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Apple vs. Samsung:
In America, Even a 'Fart' can be Patented! (Trouw, The
of the legal battle between Apple and Samsung illustrates the failure of patent
law - and certainly U.S. patent law. Apple rejoices that the judgment has made
it clear that stealing is prohibited. That is true. But that begs the question
of what you can make your own property. ... The U.S. patent regime has ballooned
so much that every fart can be patented. That is absurd."
Translated By Marion Pini
August 31, 2012
Netherlands - Trouw - Original Article (Dutch)
During a home game in California, Apple scored a victory
against their rival Samsung. The South Korean company has to pay Apple $1
billion for supposedly violating patents with its Galaxy smart phone. The
verdict was celebrated by Apple, but is bad news for the telecom industry,
consumers and ultimately for Apple itself.
The fact that members of the jury stated afterwards that of
course they preferred "their" iPhones left
a bitter aftertaste. A lawsuit like this, technically complicated as it is,
does not lend itself to jury trial. But that is another matter.
The key is that the outcome of the legal battle between
Apple and Samsung illustrates the failure of patent law - and certainly U.S.
patent law. Apple rejoices that the judgment has made it clear that stealing is
prohibited. That is true. But that begs the question of what you can make your
Posted by Worldmeets.US
The (American) patent regime has ballooned so much that every
fart can be patented. A device that fits in the palm of your hand therefore
contains tens of thousands of patents. That is absurd.
Patents exist to protect intellectual property. And that
protection is justified because it allows an inventor to exploit his invention.
If that option is not available, it doesnít pays to invent, and innovation
comes to a halt.
In that sense, a patent system is good. But if it becomes so
extensive that everything can be patented, it also brings innovation to a halt.
Because one canít think of anything new without infringing patents, none of
which you knew existed.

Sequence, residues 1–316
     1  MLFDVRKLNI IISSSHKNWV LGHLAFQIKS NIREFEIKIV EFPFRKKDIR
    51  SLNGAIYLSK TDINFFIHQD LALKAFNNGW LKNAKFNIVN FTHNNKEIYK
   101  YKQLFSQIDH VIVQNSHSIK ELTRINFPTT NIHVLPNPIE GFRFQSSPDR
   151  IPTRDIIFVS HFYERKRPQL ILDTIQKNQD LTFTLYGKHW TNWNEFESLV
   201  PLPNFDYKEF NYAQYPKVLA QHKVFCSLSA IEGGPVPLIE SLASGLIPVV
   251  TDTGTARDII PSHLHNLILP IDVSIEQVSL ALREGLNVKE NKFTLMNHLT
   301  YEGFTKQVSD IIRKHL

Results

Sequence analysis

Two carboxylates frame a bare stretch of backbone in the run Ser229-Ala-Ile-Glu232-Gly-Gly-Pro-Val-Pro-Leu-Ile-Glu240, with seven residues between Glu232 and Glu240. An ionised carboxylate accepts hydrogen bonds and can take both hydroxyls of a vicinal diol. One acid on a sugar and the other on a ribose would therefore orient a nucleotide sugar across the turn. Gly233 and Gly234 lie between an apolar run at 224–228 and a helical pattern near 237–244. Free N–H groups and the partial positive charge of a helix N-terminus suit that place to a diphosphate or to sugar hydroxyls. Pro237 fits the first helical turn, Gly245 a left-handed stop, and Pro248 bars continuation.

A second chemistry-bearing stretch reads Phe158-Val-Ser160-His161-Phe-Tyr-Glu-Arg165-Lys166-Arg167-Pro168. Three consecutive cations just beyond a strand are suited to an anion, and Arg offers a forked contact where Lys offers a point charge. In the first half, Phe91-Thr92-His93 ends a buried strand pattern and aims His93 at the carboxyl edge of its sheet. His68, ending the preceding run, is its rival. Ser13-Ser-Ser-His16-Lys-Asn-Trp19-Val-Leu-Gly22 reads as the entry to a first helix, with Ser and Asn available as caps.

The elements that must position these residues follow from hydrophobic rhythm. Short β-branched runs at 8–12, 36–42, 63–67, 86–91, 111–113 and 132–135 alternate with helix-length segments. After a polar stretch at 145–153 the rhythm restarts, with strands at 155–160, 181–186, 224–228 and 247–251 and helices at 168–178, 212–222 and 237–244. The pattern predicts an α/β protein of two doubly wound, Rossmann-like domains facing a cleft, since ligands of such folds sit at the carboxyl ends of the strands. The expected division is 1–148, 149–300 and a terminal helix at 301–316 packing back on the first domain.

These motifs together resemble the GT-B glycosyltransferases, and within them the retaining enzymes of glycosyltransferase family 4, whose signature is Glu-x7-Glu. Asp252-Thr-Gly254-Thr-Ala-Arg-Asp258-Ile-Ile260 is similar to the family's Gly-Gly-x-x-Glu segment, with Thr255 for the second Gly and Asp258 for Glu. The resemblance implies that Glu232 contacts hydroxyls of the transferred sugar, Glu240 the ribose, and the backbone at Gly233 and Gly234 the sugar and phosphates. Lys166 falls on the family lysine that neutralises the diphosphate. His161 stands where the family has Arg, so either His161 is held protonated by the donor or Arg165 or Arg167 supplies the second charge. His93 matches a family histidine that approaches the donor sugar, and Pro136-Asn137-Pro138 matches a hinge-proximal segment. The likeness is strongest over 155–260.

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SEE ALSO ON THIS:
JoongAnd Ilbo, South Korea: Apple vs. Samsung: More Proof U.S. Industry Lost its Edge
Global Times, China: Shiny Metal 'God' Too Much for China's Apple 'Cultists'
Wen Wei Po, Hong Kong:
'Where is China's Steve Jobs?'
Diario Economico, Portugal:
Life of Jobs Should Inspire 'All Portuguese'
Le Monde, France:
From Mac to iPad, Jobs Rode Imagination to Power
Asia Times, Hong Kong:
iSad in Damascus:
Syria Reclaims Jobs
Jobs Embodied Spirit that
Still Makes America Great
Yedioth Ahronot, Israel:
Steve Jobs: Rabbi's Inspiration
Der Speigel, Germany:
The Passing of Steve Jobs
Times of India, India:
People of India Pay
Tribute to Steve Jobs
The Hindu, India:
The Hindu, India:
Jobs - The Inimitable iMan
The Montreal Gazette, Canada:
was a World-Changer
Adelaide Now, Australia:
Steve Jobs Earns Place in History
Daily Mail, U.K.:
Dying Jobs Left Plans
For Years of New Products
Apple is well within its rights to protect its inventions. And
Apple certainly isnít alone in this respect. But the wide swath of potential
for such actions lead to trench warfare and stagnation. That is bad for the
industry, and it is bad for the consumer.
Based on today's technology, the technology of tomorrow
should be able to emerge. That is in the interests of all players, even if it
could lead to a change of who is on top.
Apple presents itself as an innovative company. In fact,
Apple inhibits innovation, and the company is primarily a champion at extending
a monopolistic position - a monopolistic position that it will lose anyway.
Apple is taking a rearguard action, made possible by a bankrupt patent system.
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